3. We absolutely can never predict the future. We can think of likelihood and possibilities. We can think of cause and effect. We can think of risks and coincidences, but no matter how hard we think, analyse or squeeze our brains, we won’t be able to predict the future.

With these three realities one does start to see life as a ferris wheel, it goes up and down, round and round. Sometimes we wait in one spot longer than others as others are embarking or leaving cars. We often ride a ferris wheel assuming no malfunction would occur trusting others to have tested or maintained the ride, we just let go of control.

So then … again, why don’t we just go with the “ride“?


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5 Ramadan 2018: Fear

The only thing that we have to fear is fear itself – Franklin D. Roosevelt

I don’t believe there was a single ramadan, in Ramadan Living’s history, where I did not dedicate a post to fear. I don’t do it because I plan it that way, I do it because it always comes up, directly or indirectly, and I am not surprised.

Fear can be legitimate. Without fear, we don’t know how to make wise choices in protecting ourselves, our rights, our safety, our families and loved ones. However, fear can also be at the root of why we don’t embrace acceptance often based on an illegitimate fear of the future.

It is illegitimate because it is often negative and perceived to be done onto us in the future and not within our control. As a scholar once said, the fear of disease, is a worse disease. The fear of poverty, is poverty in itself. The fear of what people could do to you is far greater than what they can possibly do. The fear of death, is death itself.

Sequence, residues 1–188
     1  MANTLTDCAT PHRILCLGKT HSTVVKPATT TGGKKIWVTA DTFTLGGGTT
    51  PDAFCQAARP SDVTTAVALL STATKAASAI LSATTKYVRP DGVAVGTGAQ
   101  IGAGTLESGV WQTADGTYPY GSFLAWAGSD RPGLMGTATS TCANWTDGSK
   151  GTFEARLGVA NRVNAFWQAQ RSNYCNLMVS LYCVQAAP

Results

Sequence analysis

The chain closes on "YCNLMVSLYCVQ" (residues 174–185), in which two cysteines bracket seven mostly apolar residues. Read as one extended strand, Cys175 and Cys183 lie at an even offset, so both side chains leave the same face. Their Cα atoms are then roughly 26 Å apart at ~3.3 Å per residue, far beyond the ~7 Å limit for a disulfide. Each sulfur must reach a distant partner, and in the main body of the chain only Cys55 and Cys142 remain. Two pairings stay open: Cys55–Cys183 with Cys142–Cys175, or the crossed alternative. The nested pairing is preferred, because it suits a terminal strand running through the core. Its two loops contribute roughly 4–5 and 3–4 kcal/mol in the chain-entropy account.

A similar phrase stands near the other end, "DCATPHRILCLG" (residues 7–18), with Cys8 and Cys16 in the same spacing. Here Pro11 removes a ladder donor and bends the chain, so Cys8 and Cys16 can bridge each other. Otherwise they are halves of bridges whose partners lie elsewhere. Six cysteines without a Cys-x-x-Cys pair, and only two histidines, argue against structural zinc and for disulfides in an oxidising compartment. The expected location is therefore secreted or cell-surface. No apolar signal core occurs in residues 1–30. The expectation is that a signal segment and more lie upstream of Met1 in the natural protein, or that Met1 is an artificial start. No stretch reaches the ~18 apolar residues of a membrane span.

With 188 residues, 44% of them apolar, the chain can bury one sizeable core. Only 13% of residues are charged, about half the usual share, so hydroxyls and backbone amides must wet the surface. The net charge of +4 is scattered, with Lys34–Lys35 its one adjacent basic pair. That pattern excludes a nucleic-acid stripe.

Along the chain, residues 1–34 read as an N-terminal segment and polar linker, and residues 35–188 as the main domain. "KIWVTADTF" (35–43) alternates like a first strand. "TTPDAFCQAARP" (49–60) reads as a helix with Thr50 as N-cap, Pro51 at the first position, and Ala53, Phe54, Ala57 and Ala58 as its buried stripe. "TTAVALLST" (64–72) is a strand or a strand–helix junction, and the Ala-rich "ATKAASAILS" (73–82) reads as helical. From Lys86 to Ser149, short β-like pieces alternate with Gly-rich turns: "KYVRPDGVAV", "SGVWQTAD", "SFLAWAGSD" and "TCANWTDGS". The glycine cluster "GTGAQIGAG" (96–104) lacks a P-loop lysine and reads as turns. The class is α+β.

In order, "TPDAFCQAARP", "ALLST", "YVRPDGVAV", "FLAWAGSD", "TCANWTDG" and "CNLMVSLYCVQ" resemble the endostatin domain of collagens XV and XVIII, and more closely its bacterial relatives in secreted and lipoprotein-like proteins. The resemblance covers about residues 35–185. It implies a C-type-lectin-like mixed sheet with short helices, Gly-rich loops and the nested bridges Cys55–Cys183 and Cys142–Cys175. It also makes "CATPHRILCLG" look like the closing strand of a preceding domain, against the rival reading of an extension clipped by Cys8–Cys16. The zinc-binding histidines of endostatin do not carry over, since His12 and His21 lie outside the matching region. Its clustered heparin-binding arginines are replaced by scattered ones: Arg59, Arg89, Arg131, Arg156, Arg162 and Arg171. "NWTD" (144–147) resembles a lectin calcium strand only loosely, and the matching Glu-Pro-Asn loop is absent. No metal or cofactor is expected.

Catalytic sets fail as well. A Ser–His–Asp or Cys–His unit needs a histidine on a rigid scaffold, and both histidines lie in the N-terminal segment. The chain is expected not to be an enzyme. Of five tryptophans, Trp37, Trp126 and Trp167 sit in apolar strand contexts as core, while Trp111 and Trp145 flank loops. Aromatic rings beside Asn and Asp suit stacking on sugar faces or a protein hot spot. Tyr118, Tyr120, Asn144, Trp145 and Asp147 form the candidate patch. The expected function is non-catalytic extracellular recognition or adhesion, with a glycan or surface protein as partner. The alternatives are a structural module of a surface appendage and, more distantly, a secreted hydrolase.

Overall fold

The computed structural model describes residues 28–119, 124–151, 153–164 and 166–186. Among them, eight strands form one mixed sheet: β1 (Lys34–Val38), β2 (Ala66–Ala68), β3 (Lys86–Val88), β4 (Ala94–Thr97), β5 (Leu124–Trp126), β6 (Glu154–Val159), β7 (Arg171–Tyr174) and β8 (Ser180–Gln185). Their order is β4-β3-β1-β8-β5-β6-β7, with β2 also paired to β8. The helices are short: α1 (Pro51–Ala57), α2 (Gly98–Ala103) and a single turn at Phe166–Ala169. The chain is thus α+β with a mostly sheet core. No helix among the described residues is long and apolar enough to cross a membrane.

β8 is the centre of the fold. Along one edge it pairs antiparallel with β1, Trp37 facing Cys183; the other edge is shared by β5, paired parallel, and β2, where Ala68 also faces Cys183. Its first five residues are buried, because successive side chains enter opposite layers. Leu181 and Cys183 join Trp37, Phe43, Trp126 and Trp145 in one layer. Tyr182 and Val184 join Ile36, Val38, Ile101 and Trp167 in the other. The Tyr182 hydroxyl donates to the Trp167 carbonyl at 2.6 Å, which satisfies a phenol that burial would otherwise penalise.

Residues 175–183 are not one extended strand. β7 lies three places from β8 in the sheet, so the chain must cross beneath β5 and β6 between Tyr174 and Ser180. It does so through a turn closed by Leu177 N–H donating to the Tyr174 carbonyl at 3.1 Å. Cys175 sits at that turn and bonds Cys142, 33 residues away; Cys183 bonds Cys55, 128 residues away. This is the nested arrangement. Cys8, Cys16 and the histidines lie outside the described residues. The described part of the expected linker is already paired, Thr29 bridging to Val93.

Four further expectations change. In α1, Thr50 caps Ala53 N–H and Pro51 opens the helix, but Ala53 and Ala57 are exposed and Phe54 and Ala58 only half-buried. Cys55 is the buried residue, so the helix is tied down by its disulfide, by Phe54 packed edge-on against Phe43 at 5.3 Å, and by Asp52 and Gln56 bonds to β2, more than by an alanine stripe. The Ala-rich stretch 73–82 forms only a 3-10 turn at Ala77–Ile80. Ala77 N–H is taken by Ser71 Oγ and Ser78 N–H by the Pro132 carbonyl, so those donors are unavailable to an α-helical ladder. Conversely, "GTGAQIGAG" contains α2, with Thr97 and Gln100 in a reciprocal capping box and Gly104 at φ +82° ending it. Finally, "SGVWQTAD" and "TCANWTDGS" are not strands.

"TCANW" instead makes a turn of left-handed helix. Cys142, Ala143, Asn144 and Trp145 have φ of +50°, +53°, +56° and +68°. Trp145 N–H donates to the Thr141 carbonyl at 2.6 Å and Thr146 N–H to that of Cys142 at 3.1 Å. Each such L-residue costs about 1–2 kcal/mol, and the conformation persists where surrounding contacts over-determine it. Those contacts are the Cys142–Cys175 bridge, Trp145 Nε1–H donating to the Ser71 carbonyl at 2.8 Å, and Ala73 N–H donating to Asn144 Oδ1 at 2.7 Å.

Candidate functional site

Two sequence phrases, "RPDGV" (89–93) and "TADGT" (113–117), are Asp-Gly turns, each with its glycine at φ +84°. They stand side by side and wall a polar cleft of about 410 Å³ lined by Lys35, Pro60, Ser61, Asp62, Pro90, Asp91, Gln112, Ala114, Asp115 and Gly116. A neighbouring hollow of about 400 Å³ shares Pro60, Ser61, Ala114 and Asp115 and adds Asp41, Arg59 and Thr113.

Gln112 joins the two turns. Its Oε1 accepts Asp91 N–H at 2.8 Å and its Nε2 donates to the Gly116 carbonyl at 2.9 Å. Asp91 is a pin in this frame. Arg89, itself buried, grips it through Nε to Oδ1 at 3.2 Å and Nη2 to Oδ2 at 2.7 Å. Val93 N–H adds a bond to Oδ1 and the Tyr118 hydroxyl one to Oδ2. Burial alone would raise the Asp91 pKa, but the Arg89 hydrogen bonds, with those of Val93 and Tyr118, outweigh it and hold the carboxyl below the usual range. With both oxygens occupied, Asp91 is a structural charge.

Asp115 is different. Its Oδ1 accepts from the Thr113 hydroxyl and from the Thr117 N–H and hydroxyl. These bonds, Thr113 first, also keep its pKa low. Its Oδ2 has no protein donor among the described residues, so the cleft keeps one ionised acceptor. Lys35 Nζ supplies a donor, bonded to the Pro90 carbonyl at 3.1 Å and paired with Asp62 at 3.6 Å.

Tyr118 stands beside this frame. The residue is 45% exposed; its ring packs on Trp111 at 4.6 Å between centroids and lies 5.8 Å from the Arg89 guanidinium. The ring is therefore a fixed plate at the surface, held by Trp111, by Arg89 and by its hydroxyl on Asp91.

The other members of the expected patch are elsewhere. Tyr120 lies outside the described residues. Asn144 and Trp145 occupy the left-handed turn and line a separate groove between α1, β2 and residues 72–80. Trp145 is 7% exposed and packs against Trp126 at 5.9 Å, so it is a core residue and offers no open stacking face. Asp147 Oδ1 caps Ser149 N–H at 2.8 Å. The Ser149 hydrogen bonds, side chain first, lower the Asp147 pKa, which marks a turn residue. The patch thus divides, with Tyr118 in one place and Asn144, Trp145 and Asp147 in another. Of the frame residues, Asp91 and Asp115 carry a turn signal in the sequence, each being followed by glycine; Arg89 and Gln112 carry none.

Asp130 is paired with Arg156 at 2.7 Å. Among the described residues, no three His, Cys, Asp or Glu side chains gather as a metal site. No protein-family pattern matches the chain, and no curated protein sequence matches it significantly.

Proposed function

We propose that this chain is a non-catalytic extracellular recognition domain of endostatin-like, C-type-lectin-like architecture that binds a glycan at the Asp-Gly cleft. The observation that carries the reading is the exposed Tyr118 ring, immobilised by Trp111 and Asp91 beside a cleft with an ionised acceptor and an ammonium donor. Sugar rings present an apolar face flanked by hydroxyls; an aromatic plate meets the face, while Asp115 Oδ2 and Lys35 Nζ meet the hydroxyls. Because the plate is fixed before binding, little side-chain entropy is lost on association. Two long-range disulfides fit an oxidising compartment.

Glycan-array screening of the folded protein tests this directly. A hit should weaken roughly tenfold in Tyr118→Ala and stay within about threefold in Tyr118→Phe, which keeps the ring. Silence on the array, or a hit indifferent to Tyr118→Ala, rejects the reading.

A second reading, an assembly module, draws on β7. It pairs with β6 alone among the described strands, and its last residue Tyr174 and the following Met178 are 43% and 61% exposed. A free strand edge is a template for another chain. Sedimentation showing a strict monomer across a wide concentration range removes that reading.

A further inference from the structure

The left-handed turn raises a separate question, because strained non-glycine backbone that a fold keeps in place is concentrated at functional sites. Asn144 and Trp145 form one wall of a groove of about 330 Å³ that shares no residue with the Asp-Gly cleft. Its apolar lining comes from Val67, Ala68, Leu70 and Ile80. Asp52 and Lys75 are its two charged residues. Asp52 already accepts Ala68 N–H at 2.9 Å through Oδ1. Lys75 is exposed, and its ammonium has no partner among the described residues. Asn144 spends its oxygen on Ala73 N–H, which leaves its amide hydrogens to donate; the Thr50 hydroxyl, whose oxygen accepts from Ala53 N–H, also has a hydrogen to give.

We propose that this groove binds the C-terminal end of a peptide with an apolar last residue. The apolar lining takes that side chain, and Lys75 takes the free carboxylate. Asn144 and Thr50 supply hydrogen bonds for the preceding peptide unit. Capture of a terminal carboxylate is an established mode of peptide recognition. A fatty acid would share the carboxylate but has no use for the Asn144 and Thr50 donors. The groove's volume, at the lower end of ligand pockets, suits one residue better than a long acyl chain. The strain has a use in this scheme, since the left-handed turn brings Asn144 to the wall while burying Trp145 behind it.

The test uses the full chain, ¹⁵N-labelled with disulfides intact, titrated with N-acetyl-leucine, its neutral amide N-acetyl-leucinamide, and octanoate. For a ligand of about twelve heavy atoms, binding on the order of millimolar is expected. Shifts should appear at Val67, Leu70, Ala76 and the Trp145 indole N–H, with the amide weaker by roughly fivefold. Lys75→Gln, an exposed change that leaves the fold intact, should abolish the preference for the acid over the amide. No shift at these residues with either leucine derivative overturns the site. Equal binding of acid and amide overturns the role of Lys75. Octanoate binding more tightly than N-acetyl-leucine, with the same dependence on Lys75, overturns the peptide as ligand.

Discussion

This illegitimate fear robs us of happiness and acceptance of where we are today. This illegitimate fear robs us of the opportunity to consciously take steps and make practical decisions protecting ourselves from the negatives that might materialise if these things do happen in the future, i.e. a legitimate fear. More importantly, these illegitimate fears prevent us from embracing opportunities that come our way while we are focused on things that may or may not happen.

A saying I always liked, “we shall cross that bridge when we get there” … may god give us the ability to recognise illegitimate fears and be strong when we approach “that bridge”.

For now … just breathe.

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4 Ramadan 2018: The Two Tales of Acceptance

Acceptance doesn’t mean resignation; it means understanding that something is what it is and there’s got to be a way through it – Michael J. Fox

Acceptance may be seen as a way of giving up, but I believe that acceptance is an active verb and state of being that one consciously decides to be in. The difference? Acceptance brings calmness and serenity, surrender brings resentment.

I always liked the way Henry Cloud and John Townsend spoke about boundaries and how not asserting them is signaled through feelings of resentment; a negative gut feel generating emotions of anger, sadness, bitterness, and confusion.

Acceptance that generates these feelings is the result of either not asserting one’s, or in the opposite sense crossing another’s, boundaries. Acceptance in this case is not acceptance at all and action is often needed to rectify underlying issues.

As a friend of mine reminded me today, we are not meant to be unhappy, and happiness comes from accepting that which is meant to be accepted and striving, calmly, towards changing it in a way that brings goodness to self and others.